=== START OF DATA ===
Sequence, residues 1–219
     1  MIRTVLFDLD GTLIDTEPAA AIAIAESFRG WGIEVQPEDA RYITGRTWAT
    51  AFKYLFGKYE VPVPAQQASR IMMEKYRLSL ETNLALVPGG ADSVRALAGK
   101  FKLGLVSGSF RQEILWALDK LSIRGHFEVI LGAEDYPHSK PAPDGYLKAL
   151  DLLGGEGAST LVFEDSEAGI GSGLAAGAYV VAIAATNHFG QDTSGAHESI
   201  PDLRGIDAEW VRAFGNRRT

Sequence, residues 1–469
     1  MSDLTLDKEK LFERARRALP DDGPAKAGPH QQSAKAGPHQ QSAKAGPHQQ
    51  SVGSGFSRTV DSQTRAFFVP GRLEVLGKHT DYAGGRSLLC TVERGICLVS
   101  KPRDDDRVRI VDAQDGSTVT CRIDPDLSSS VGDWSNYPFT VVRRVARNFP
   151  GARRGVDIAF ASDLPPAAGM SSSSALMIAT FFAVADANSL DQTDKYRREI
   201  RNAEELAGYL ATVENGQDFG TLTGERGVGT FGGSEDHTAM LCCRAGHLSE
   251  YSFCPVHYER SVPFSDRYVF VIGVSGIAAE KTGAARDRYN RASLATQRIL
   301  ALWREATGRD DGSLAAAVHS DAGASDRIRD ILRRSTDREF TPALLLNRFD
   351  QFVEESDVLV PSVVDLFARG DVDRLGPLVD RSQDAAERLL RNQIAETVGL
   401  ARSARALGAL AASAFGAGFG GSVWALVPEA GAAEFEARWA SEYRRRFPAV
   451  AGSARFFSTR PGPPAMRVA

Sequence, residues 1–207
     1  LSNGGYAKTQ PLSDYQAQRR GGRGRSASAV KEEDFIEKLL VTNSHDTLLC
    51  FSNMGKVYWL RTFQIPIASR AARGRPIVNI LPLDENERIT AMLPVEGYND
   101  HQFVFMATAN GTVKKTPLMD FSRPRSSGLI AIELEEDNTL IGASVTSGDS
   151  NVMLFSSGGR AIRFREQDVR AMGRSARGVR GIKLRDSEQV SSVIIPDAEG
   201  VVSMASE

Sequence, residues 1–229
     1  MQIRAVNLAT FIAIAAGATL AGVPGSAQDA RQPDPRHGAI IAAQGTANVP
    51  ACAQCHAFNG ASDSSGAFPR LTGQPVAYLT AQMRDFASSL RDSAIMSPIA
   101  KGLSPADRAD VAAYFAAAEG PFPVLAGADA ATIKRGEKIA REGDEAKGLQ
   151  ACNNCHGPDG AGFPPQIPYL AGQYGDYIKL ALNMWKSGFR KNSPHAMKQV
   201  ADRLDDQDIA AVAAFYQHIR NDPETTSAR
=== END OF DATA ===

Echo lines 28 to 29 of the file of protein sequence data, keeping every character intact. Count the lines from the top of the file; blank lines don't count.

   151  ACNNCHGPDG AGFPPQIPYL AGQYGDYIKL ALNMWKSGFR KNSPHAMKQV
   201  ADRLDDQDIA AVAAFYQHIR NDPETTSAR